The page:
The Health Hazards of Natural Gas

The Health Hazards of Natural Gas by Agnes Malouf and David Wimberly, Summer 2001,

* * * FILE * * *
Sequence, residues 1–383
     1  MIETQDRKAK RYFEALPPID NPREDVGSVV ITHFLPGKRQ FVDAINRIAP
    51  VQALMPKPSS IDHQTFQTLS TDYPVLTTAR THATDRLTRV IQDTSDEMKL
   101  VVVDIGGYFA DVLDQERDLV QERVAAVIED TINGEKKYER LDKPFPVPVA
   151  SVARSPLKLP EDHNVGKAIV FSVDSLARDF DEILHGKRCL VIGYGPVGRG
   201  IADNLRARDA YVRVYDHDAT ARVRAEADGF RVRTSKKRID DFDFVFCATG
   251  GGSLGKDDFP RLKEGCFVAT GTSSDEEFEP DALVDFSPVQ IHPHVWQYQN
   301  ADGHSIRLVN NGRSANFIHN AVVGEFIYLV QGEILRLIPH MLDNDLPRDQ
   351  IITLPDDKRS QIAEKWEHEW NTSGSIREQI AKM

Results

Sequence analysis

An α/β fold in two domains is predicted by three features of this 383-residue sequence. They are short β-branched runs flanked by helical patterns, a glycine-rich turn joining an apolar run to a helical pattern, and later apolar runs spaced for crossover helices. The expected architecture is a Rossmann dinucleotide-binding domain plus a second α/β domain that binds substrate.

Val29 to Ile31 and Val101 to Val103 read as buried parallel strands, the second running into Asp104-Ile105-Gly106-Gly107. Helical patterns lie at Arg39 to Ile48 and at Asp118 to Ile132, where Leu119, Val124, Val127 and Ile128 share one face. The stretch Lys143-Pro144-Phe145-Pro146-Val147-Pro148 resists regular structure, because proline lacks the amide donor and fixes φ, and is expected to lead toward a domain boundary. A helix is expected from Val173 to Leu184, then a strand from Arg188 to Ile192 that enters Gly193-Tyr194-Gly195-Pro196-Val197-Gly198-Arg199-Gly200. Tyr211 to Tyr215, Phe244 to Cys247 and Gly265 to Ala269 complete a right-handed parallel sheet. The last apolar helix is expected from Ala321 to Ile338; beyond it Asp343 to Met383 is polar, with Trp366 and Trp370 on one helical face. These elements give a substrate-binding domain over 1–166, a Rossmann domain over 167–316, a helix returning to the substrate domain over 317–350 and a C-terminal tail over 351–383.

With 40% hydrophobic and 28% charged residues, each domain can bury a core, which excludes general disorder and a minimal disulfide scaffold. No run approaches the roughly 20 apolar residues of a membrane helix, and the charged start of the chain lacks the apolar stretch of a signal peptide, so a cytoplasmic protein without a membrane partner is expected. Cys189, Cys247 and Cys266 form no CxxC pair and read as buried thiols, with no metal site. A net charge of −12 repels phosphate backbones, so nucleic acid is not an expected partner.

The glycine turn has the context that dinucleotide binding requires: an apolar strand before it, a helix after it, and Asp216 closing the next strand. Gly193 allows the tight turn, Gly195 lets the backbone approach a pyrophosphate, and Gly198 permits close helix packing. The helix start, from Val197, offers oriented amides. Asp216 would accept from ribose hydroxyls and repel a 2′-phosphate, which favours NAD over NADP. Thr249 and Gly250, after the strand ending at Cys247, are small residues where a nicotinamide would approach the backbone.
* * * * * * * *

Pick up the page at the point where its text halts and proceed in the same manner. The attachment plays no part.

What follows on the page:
The British medical journal, The Lancet, reported in1996 that the use of domestic gas appliances, particularly gas stoves, was linked to increased asthma, respiratory illness, and impaired lung function especially in young women.  Women using gas stoves had double the respiratory problems of women cooking on electric stoves. The same study showed that using extractor fans which vented the cooking fumes outside did not reduce adverse effects of gas. … The Canada Mortgage and Housing Corporation (CMHC) Clean Air Guide (1993) identified gas water heaters, furnaces, unvented space heaters and cook stoves as significant contributors to chemical contamination in the home. … “For the chemically susceptible individual this gas may be the worst form of fuel,” writes Dr. T. G. Randolph. But surprisingly, his studies found that when gas stoves were removed from the home of a person with chemical sensitivities, not only did their health improve, but so did the health of all family members. … Natural gas brings harmful chemicals into homes through the methane it contains. Methane (which gives the flame its blue colour as it does in propane) is an asphyxiant. … “Natural gas is dangerous for several reasons,” says health advocate Helen Lofgren . … “Unplanned leaks and the danger of explosion compound the risks of gas.” … But let’s keep it far away from the air we breathe inside our houses, apartment buildings and schools. If we consider health care costs and the impact of living with illness, bringing natural gas into our homes is not a sensible choice.

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